I think I’m finally coming into my own.
So. The old Project Perseus building. The upper levels had since been leased out to other companies, but it was entirely too easy to get into the basement levels through the back. The research labs had been completely gutted, as though someone was trying very hard to make it appear as though there had never been a high-security government facility there. The equipment — including some really massive stuff — had all been removed, probably disassembled, and even the industrial electrical outlets were removed, the wires covered up by a new layer of drywall. The first four basement levels had a few desks, and nothing else. Apart from a keypad lock on the back entrance, there were no traces of the project’s extensive security systems, no cameras, magnetic locks, key card readers, retinal scanners, nothing.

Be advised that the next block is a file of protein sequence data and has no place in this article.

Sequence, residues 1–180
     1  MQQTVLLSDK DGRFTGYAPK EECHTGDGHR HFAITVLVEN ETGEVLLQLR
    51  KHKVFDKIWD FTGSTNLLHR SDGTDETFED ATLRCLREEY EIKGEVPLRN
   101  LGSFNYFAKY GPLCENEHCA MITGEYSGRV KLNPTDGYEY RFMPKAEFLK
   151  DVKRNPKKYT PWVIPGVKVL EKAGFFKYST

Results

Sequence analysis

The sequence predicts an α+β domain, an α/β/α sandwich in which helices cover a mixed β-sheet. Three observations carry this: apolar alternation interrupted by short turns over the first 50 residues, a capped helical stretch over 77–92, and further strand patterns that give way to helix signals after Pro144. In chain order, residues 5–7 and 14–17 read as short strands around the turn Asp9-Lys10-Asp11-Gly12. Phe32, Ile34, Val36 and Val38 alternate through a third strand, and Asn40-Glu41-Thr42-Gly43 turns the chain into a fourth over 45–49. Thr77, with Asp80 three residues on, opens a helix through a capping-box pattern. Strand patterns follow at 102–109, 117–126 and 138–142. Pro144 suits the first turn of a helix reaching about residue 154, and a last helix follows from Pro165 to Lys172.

The fifth level — which I’d never been to before — was an entirely different matter. The room was pitch-black, save for a single cone of white light coming from the ceiling. The man who stepped into the light was Sam’s missing tag-team partner, Wash. In spite of his tacky Hawaiian shirt, he began speaking of world-shaking events. And he had some friends with him: Pinnacle, and more clone soldiers. Pinnacle was unusually quiet, while Wash started gloating about how the experiment to create new metahumans was a resounding success. Raz was impulsive as usual, and found out that they had another force field set up. He did at least give us a few puzzle pieces. Glenn was not part of their plans, for example. And they still know far too much about us. He offered to answer one question, and while I was trying to formulate a question about the nature of the catalyst, Jack asked him how to take down the force field. Wash’s answer was, “Take out the power for 15 city blocks.” Which tells us a bit more than he probably intended. Their force field device doesn’t have an independent power source, and it uses a large amount of electricity. The big question is whether they need to set it up in advance or they can simply deploy it quickly had have it somehow drain the power automatically.